EPA rejects New York Gov. Cuomo's loan plan for Tappan Zee Bridge; state will appeal

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ALBANY, New York — The Environmental Protection Agency on Tuesday balked at Gov. Andrew Cuomo's proposal to use half a billion dollars in federal clean water loans to help finance the cost of the new Tappan Zee Bridge, instead approving only $29 million.

Cuomo said his administration would appeal the decision, and stressed that the $3.9 billion bridge replacement project would continue with or without the funds.

The Democratic governor hoped to use $511 million in low-cost federal clean water loans for the bridge. But in a letter dated Tuesday, the federal agency said it wouldn't authorize $482 million that Cuomo had sought to cover river dredging, the removal of the old span and other aspects of the work.

"We'll go back and we'll appeal," Cuomo told reporter Tuesday. "We'd like to get it done, but it wasn't that the bridge was dependent on this."

The EPA did authorize $29 million for marsh restoration, stormwater management and other smaller projects related to the bridge.

Environmental groups who had threatened legal action over the proposal hailed the EPA's decision. Peter Iwanowicz, executive director of Environmental Advocates of New York, said the EPA decision sends "a strong rebuke and a powerful statement."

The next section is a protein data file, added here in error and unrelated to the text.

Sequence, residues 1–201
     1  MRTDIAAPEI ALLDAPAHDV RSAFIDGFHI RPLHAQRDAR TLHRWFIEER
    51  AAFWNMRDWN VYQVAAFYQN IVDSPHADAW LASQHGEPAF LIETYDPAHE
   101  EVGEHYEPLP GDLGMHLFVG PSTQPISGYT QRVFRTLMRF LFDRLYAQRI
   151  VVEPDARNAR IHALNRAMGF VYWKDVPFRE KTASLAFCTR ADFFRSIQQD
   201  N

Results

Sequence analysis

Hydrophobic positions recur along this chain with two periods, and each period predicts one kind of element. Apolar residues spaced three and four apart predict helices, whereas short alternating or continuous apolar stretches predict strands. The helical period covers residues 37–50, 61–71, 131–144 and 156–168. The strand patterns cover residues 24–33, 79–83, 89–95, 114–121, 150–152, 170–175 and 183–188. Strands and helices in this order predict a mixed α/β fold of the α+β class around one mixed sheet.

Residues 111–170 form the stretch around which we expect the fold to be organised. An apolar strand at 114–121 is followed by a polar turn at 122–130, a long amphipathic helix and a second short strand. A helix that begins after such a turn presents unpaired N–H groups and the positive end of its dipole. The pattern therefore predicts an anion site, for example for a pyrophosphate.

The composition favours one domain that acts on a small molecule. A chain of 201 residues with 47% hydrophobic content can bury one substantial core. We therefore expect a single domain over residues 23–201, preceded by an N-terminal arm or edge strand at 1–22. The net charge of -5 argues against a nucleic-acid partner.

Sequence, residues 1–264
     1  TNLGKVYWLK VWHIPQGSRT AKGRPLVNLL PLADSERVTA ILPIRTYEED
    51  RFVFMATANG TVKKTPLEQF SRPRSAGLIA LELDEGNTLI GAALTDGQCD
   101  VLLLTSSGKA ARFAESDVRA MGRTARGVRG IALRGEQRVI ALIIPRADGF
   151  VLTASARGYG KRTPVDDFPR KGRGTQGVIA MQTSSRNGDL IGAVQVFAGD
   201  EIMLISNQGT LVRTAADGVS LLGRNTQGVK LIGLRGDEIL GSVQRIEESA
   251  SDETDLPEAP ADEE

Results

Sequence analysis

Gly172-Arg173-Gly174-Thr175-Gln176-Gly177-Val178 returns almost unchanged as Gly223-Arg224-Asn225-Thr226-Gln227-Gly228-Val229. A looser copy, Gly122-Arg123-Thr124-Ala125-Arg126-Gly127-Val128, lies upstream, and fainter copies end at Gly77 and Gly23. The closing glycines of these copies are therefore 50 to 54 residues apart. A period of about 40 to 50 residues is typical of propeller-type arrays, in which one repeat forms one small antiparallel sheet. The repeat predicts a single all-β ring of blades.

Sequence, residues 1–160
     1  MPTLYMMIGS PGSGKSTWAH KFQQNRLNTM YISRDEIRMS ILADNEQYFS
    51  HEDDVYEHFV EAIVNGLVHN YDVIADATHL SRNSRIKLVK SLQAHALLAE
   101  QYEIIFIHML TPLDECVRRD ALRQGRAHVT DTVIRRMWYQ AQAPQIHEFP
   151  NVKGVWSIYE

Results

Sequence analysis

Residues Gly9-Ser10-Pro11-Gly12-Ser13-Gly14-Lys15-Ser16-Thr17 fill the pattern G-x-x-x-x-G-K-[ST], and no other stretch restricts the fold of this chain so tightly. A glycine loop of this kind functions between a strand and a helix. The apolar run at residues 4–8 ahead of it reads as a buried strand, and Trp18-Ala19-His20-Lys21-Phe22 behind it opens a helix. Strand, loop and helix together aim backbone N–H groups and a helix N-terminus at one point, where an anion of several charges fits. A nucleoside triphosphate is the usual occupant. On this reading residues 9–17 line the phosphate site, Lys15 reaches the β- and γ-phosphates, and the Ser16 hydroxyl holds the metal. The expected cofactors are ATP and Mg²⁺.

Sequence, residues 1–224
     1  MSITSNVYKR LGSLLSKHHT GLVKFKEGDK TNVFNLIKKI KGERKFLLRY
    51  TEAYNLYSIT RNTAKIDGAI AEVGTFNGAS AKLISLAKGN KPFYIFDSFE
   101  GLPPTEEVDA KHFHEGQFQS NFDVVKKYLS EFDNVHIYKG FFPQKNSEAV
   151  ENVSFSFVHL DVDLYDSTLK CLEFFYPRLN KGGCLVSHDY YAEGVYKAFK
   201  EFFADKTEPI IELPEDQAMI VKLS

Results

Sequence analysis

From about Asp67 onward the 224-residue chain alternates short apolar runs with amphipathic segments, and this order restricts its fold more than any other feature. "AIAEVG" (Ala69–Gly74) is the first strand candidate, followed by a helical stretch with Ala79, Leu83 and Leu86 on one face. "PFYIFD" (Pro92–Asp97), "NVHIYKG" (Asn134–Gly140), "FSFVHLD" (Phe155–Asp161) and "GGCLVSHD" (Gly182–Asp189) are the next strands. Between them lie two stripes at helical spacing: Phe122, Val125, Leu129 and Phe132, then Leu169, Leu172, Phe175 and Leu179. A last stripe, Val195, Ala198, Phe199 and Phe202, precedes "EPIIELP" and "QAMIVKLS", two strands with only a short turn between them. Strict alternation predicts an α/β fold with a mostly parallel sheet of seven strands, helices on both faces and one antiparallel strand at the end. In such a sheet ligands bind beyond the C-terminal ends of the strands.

"EPA has accurately called the balls and strikes here," he said.

Joseph Martens, chairman of the Environmental Facilities Corp. and Cuomo's environmental commissioner, had argued that the funds would help minimize the project's environmental impact. State officials also said that using loans instead of bonds would reduce the bridge's eventual tolls by shaving $17 million off the total cost of the new bridge.

The loan proposal had previously been approved by two state boards, including the New York State Environmental Facilities Corp. Jon Sorensen, director of public information at the corporation, said the loans were appropriate because they would cover work with a clear environmental purpose.

The EPA, he said, "is simply wrong in its assessment."

The existing 3-mile bridge is 25 miles north of midtown Manhattan. It opened in 1955.

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